Hide quoted text -
>
> > - Show quoted text -
>
> Yu
> That's Excellent.
> Why ++d isn't enough and we have to use d =3D ++d?

No, that is undefined behavior. Don't do it.

REH
```
 0

```In message <S7qsDze8KyVLFwef@baesystems.com>, Richard Herring
<junk@[127.0.0.1]> writes
>In message
>Saeed Amrollahi <amrollahi.saeed@gmail.com> writes
>>Dear all
>>I am struggling with a problem that's simple per se.
>>I have an enum and a prefix ++ operator:
>>enum Dir { North = 1, East = 2, South = 3, West = 4, Max_ = 5 };  //
>>clockwise
>>
>>Dir operator++(Dir d)

I missed the missing & here :-(

>>{
>>  Dir dd;
>>  switch (d) {
>>  case North:
>>    dd = East;
>>    break;
>>  case East:
>>    dd = South;
>>    break;
>>  case South:
>>    dd = West;
>>    break;
>>  case West:  // wrap
>>    dd = North;
>>    break;
>>  };
>>
>>  return dd;
>>}
>>
>>void f()
>>{
>>   for (Dir d = North; d < Max_; ++d)
>>    // do something
>>}
>>
>>The problem is: in the above loop the ++ doesn't work,
>>indeed the loop is infinite.
>
>The ++ works perfectly.

Except (of course)  that it takes its argument by value, not reference!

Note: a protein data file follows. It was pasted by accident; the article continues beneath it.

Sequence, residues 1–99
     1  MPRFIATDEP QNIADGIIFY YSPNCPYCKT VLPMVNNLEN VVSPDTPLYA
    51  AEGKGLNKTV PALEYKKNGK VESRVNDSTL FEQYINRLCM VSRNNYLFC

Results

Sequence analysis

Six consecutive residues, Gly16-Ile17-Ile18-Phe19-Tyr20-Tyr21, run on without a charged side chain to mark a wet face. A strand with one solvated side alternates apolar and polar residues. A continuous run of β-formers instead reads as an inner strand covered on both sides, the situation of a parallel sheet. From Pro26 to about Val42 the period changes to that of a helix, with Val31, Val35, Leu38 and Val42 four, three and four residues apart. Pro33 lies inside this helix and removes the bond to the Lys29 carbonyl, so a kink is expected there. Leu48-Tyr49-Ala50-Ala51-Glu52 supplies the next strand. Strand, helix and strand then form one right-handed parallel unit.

> You've defined it to cycle through North,  East, South, West, and
>that's exactly what it does.

>No amount of "increment"-ing will ever produce Max_.

That much is true.
>
>> If you replace // do something with
>>output statement, it prints 1 forever.
>>
>>It is really annoying.
>>
>
>Decide what you really want the increment operator to do. Should it
>cycle, or just step once through the range? It can't do both, so if you
>need both behaviours perhaps you should consider using named functions

--
Richard Herring
```
 0

```On Jan 20, 6:38=A0pm, REH <spamj...@stny.rr.com> wrote:
> On Jan 20, 10:07=A0am, Saeed Amrollahi <amrollahi.sa...@gmail.com>
> wrote:
>
>
>
>
>
> > Dear all
> > I am struggling with a problem that's simple per se.
> > I have an enum and a prefix ++ operator:
> > enum Dir { North =3D 1, East =3D 2, South =3D 3, West =3D 4, Max_ =3D 5=
}; =A0//
> > clockwise
>
> > Dir operator++(Dir d)
> > {
> > =A0 Dir dd;
> > =A0 switch (d) {
> > =A0 case North:
> > =A0 =A0 dd =3D East;
> > =A0 =A0 break;
> > =A0 case East:
> > =A0 =A0 dd =3D South;
> > =A0 =A0 break;
> > =A0 case South:
> > =A0 =A0 dd =3D West;
> > =A0 =A0 break;
> > =A0 case West: =A0// wrap